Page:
How a 'Lego' implant could help surgeons mend broken bones
How a ‘Lego’ implant that is put together like hollow ‘bricks’ could help surgeons mend broken bones
Revolutionary new implants that are put together like pieces of Lego could help broken bones heal faster
Revolutionary new implants that are put together like pieces of Lego could help broken bones heal faster.
Scientists in the U.S. have created tiny hollow ‘bricks’ that surgeons would piece together into whatever size and shape they needed to repair a damaged bone.
The whole thing is then filled with a special gel that stimulates new bone to develop.
The idea is to create a tailor-made implant that acts like scaffolding for healthy bone to grow around, overcoming challenges with existing implants which are ill-fitting or break easily.
Every year, the NHS treats hundreds of thousands of fractures.
While smaller ones can heal on their own, when there is extensive damage or multiple fractures in the same bone, an operation is needed to implant metal to stabilise the bone in the right position while it has a chance to heal.
An artificial graft made from plastic or ceramic is also put in, around which new bone will form.
This type of surgery is used for large bones, such as the femur —the thigh bone. It is also routinely used on cancer patients who have bone removed when the disease has spread there.
However, the healing process can be slow, and grafts made from plastic can be stiff and inflexible, coming in predetermined sizes which makes it difficult to match the shape of the bone. Meanwhile, ceramic can be brittle, increasing the risk of the graft shattering.
Every year, the NHS treats hundreds of thousands of fractures. While smaller ones can heal on their own, when there is extensive damage or multiple fractures in the same bone, an operation is needed to implant metal to stabilise the bone in the right position while it has a chance to heal [File photo]
The new Lego-like implant is better, scientists believe, because it can be built into any shape and the pieces fit together securely, reducing the risk of it breaking.
It was developed by researchers at Oregon Health & Science University and New York University, and is made of tiny metal bricks produced using a 3D printer.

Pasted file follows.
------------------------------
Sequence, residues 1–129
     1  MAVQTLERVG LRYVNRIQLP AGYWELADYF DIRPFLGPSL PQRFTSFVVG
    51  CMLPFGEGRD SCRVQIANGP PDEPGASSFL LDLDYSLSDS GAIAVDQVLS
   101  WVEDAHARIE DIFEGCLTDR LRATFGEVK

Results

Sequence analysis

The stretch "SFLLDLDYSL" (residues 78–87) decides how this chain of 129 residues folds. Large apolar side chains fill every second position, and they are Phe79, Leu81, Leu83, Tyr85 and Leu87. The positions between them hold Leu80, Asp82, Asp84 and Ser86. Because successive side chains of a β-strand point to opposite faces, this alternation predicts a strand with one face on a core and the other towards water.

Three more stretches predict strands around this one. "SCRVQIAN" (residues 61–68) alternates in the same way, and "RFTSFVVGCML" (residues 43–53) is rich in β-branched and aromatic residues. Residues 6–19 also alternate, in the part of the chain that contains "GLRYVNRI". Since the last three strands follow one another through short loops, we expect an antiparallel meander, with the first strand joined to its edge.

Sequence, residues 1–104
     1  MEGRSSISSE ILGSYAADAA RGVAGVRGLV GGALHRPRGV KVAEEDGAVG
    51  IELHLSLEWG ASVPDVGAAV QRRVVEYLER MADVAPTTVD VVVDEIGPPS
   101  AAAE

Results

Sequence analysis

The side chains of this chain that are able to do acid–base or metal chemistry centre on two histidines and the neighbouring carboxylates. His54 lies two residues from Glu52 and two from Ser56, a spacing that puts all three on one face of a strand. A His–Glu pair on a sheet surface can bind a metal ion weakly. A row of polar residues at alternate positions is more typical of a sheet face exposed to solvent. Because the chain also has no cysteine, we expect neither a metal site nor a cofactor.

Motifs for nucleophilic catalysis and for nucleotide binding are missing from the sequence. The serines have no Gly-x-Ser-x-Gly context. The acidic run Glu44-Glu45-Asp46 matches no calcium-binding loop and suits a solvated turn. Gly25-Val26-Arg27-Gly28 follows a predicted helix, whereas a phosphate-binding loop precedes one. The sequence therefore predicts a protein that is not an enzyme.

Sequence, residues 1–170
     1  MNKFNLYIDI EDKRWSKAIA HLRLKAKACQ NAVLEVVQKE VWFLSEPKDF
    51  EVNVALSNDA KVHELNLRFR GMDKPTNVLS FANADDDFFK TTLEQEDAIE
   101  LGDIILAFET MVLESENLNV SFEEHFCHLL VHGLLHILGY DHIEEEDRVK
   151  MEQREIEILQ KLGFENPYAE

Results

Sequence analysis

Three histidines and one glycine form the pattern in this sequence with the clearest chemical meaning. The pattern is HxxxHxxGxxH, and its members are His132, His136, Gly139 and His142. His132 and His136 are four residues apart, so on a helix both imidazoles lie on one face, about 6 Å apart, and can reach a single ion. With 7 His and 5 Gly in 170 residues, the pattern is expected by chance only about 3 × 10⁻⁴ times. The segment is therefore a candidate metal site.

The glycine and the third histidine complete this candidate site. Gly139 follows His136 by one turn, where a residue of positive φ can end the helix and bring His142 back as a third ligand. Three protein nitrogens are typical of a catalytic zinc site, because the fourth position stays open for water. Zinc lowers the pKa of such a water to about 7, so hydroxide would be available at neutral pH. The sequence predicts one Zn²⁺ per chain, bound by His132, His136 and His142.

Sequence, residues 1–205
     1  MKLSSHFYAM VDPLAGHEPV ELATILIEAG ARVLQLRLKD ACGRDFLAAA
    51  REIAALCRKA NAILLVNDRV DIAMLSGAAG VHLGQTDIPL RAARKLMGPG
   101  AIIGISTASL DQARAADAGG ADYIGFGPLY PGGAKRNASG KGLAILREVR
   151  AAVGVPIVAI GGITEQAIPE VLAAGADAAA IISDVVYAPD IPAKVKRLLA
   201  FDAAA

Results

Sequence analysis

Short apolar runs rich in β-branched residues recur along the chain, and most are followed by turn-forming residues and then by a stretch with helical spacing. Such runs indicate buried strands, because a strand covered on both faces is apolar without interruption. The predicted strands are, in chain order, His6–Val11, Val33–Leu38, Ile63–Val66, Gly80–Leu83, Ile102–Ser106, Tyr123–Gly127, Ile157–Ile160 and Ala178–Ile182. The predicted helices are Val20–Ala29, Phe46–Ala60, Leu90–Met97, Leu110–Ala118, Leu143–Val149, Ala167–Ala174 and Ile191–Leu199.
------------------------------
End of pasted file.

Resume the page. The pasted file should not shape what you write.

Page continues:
The bricks are less than 1mm in diameter with clips to fix them together. One end sits just inside the hollow centre of the bone and they are stitched to surrounding soft tissue to keep them in place.
Surgeons take an X-ray to plan the size and shape of the implant. Once it has been printed, it is assembled by the medics, who then fill the hollow framework with a water-based gel packed with growth factors — compounds that stimulate the development of new bone cells.
Researcher Dr Luiz Bertassoni, from Oregon Health & Science University, says: ‘It’s easy to use and can be stacked like Lego and placed in thousands of different configurations to match the complexity of any bone repair.’
The implant has been tested on rats. The results, published in the journal Advanced Materials, showed that it led to three times as many new blood vessels forming as with plastic or ceramic grafts. The researchers now plan to set up human studies.
Will Eardley, a limb trauma and reconstruction surgeon at South Tees Hospitals NHS Trust in Middlesbrough, says: ‘The results of these laboratory tests may be encouraging, but this is a long way from benefiting patients.’
How what you watch affects your health. This week: Television repeats and film favourites are relaxing
Watching a favourite film or tuning in to a sitcom where you know all the characters helps you to relax more than watching TV shows or movies that you’re unfamiliar with, according to a 2012 study published in the journal Social Psychological and Personality Science.
This is partly because there are no surprises, but also due to the fact that we have a similar positive emotional response to spending time with characters we know well — and love — as we do spending time with our actual friends.
This is ‘possibly because of the release of calming chemicals such as endorphins, endogenous opioids and oxytocin’, says psychologist Professor Jaye Derrick, from the University of Houston in Texas.
‘We know that we don’t really have relationships with these people — but it feels like we do because we spend time with them.’
Yumello salted date peanut butter (250g, £2.99, hollandandbarrett.com) contains 86 per cent high-oleic peanuts.
Oleic acid is a monounsaturated fatty acid, or a ‘good fat’ that can lower levels of ‘bad’ LDL cholesterol.
Yumello salted date peanut butter (250g, £2.99, hollandandbarrett.com)
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